Paying in dividends

Consider our American-in-Canada client, a physician who’s been paying himself $300,000 in dividends from his professional corporation in Alberta. If the tax cuts expire, he will pay a substantial amount of additional U.S. tax on income that was never sourced in the States.

If he incurs short-term capital gains (held for less than one year) on his investment portfolio or has net rental income in Canada, he will also pay higher levels of additional tax in the U.S.

Further, American in Canada clients who hold Canadian mutual funds that are considered Passive Foreign Investment Companies (PFICs) and are required to take the Mark-to-Market election would also be subject to the highest marginal rate in the U.S.

Read: Tax laws chasing funds across borders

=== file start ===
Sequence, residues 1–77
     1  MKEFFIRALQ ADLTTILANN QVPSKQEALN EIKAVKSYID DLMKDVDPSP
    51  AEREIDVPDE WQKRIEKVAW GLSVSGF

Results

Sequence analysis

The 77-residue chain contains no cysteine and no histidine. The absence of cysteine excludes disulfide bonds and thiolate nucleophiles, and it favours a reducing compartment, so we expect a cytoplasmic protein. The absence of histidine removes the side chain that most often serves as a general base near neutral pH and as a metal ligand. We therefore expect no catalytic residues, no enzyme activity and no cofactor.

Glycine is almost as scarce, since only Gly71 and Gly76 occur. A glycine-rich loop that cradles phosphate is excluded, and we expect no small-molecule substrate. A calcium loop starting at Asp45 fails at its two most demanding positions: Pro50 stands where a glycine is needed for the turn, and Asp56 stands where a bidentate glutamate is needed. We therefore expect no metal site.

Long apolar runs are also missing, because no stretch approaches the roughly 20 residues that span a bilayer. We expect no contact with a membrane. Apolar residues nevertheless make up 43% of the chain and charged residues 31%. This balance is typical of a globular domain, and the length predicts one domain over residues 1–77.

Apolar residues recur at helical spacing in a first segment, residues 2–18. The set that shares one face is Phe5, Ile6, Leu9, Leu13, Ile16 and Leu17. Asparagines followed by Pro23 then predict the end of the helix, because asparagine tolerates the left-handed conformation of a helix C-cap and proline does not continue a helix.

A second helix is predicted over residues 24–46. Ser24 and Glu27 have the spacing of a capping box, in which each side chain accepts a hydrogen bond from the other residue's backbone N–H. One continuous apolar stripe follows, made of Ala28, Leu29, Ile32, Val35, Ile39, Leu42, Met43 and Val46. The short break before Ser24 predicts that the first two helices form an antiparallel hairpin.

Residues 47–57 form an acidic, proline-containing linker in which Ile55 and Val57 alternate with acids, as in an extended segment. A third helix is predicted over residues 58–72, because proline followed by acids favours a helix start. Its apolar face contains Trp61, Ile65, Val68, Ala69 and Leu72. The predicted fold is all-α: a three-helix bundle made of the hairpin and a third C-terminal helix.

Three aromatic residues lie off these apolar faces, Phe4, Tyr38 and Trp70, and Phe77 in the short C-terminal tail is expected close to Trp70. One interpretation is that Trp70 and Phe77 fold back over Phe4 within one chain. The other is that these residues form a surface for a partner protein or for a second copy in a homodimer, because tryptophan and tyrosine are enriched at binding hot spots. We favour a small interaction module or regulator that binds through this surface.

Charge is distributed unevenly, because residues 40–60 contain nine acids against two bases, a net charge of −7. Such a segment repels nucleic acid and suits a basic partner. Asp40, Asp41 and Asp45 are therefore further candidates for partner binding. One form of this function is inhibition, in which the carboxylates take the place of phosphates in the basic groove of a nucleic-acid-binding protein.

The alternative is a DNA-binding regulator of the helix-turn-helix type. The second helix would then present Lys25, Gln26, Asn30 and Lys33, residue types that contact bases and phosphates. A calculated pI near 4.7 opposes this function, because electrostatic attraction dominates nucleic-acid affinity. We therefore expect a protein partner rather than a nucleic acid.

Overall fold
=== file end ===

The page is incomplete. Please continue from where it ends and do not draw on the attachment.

So if your client is an American in Canada who has primarily been paid in dividends that exceed the $200K (single) or $250K (married) taxable income thresholds, revisit her compensation. She may want to earn employment income instead that could be eligible for the U.S. foreign earned income exclusion of U$97,600 (for 2013).

If these types of clients have large unrealized capital gains, it might make sense for them to realize such gains prior to the end of this year, given the potential increase in net capital gains rates in the U.S. next year.

Estate planning concerns

On the U.S. estate planning side of things, if the exemption is reduced to $1 million from $5.12 million (or possibly $3.5 million, as indicated in the President’s budget last February), it will be critical for clients to revisit their estate plans in Canada.

American in Canada clients with worldwide estates exceeding US$2 million should consider the role of Spousal Rollover Trusts in Canada (that will qualify as Marital or Bypass Trusts under U.S. rules) within their wills. Using those trusts would remove the first to die’s estate from that of the surviving spouse’s estate.

Read: IRS offers tax amnesty to Americans in Canada